"He was a gentle heart; he was a gentle soul," Lambert said.

"He was a nice guy who was caught up in his addiction," said Imogean Harlan, the facility’s former director.

The railroad crossing at Sacramento Avenue remained closed for about an hour.


© 2008 IMOGEAN



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Featured Review

I've always had this thing for any song,poem,story with pain...rain, or train somewhere in the lines. That kinda blue comes in three's. Reminds me of so many lost souls I've known. I liked the way you wrote this piece...just how it will be read. It is a strange world we live in Master Jack, when the engineers are treated for trauma, for the hobo's dreams smeared on the track. Upu until a couple years ago I carried a yellow, torn clipping of a pair of womens shoes , neatly placed side by side. She leaped from a tower at Texas University...21 years old and couldn't take it anymore. Her name was Moment Armstead,1968. Sometimes you read and something about it won't let you forget. I always wondered ,why ? This piece touched me the same way. Brilliant. Rain..

Posted 9 Years Ago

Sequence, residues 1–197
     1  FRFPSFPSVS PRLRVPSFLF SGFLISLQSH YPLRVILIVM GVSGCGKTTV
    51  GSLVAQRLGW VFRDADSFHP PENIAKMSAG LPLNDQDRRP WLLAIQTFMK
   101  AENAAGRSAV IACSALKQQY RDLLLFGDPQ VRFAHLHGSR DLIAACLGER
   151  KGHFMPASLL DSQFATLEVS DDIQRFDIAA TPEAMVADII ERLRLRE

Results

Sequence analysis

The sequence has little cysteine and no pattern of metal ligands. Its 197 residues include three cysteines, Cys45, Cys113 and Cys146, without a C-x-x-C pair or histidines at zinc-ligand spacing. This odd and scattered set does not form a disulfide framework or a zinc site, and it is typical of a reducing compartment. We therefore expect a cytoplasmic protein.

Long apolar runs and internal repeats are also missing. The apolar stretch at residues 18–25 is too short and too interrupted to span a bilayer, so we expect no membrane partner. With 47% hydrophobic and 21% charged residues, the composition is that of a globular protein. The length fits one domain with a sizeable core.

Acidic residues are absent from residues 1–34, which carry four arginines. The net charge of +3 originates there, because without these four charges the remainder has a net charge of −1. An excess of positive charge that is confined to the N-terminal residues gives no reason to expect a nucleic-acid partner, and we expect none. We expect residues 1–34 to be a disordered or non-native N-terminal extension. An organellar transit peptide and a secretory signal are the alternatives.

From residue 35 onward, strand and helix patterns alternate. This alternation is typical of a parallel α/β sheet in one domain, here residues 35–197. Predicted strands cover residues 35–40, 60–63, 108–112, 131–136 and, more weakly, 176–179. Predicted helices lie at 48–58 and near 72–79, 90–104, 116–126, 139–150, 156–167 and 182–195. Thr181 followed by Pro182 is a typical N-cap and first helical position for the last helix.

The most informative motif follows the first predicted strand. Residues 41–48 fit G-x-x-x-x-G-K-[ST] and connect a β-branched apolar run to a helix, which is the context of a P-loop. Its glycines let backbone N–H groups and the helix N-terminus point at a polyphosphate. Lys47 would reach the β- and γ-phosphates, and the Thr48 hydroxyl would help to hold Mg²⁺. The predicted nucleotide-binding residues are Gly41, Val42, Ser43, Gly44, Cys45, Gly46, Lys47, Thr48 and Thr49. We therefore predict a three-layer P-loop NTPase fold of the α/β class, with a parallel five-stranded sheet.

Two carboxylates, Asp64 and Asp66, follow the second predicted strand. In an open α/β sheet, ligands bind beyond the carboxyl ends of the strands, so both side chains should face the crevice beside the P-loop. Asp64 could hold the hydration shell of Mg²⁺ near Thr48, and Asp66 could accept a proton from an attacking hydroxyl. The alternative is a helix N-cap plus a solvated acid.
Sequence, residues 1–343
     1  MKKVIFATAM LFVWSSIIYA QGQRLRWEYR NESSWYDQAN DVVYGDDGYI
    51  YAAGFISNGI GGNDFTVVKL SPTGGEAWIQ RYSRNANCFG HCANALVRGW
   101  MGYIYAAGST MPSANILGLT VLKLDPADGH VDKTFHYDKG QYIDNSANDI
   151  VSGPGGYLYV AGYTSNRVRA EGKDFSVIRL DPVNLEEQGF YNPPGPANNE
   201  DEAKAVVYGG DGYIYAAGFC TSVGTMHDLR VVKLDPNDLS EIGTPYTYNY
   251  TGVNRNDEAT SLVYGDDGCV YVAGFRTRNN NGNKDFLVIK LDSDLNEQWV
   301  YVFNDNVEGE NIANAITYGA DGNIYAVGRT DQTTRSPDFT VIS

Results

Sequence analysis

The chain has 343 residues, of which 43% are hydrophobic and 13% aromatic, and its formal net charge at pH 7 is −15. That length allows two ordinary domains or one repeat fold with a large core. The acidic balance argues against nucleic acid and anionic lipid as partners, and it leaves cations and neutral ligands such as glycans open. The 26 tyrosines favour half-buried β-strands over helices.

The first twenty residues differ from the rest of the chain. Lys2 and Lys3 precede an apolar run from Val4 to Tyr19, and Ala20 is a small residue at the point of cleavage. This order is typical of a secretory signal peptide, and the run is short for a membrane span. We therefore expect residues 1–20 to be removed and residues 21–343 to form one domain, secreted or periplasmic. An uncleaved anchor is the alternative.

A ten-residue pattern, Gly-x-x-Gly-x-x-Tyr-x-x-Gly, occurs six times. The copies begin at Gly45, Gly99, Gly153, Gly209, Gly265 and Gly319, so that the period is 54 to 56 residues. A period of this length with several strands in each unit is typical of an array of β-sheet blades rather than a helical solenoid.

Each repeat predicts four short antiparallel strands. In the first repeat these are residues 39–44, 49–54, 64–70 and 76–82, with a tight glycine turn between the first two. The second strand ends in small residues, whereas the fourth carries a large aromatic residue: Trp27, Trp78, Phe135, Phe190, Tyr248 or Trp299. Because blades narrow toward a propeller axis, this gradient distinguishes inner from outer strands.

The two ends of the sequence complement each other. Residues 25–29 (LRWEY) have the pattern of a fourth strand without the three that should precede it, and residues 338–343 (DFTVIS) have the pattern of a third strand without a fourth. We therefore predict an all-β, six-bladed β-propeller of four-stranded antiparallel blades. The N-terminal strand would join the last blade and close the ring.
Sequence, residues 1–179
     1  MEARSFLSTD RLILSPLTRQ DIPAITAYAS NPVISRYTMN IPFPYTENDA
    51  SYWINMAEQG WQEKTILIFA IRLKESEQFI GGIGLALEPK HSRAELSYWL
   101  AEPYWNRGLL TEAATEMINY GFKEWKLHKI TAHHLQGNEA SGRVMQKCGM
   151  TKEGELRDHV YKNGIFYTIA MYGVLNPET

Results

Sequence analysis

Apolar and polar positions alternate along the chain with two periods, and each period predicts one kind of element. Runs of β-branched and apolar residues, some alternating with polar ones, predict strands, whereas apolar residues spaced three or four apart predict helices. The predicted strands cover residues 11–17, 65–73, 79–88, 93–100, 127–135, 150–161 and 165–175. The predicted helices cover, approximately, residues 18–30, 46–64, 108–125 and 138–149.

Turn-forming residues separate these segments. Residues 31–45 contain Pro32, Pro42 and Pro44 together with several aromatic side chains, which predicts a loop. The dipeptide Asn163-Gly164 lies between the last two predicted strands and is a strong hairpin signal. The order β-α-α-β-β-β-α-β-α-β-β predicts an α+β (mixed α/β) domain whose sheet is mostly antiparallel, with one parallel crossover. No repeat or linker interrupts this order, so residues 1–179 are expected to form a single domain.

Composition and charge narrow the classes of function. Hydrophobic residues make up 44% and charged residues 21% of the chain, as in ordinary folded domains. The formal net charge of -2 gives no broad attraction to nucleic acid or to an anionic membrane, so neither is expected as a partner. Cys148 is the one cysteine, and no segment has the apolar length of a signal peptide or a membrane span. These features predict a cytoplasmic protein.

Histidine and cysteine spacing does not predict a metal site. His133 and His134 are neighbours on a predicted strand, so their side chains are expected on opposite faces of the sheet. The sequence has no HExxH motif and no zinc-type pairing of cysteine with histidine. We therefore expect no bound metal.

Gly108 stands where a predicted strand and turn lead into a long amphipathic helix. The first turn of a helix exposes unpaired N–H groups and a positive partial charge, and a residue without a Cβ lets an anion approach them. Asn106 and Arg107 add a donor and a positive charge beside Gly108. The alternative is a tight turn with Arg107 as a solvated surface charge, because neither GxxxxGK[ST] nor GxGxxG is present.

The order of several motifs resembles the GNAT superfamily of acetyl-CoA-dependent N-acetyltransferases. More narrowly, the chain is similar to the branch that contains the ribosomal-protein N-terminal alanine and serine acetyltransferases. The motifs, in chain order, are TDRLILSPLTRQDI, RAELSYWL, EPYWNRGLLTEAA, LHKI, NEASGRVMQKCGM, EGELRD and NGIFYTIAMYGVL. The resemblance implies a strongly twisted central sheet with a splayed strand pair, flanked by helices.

1 of 1 people found this review constructive.




Reviews

Hauntingly written - enough objective distance / detachment to tell the tale yet enough detail and intimacy to change a faceless name into a flesh and blood human being with whom we can all - to one degree or another - relate. Have you read my poem, on the suicide of a friend? You may find the same undercurrent there.
Tragedy touches us all, and our paths all end with one destination. What happens after that is the result of what choices we have made in this time. Let us pray that this man's soul found the peace that had escaped him in life.

Posted 9 Years Ago


A quite sad story, tragic. Sometimes hopelessness, feeling lost, of being alone can drive us to act to certain extremes. And we have our moments when we feel life has no meaning and to end it would only be the only thing left to do. It is up to us whether to act on that desire or to merely give it a thought and then put it to rest. I always feel that in death, it's not the person dying who has to deal with pain in the end. It's those he/she leaves behind. I hope the person in the story finds peace in him. And is sent to a better place. Kudos to the writer, this was portrayed nicely. I can picture the whole incident happening as if I was one of the witnesses.

Posted 9 Years Ago


I read this a few nights ago and left in silence with a heart full of woe for the victim, his parents and for you and your daughter.



Posted 9 Years Ago


A touching story that is very well written.

Posted 9 Years Ago


Aw. This is heart-breaking. It's sad to see a life go like that. Such desperate attempts, and them BAM! A train hits you, and you're dead..
good job with this

Posted 9 Years Ago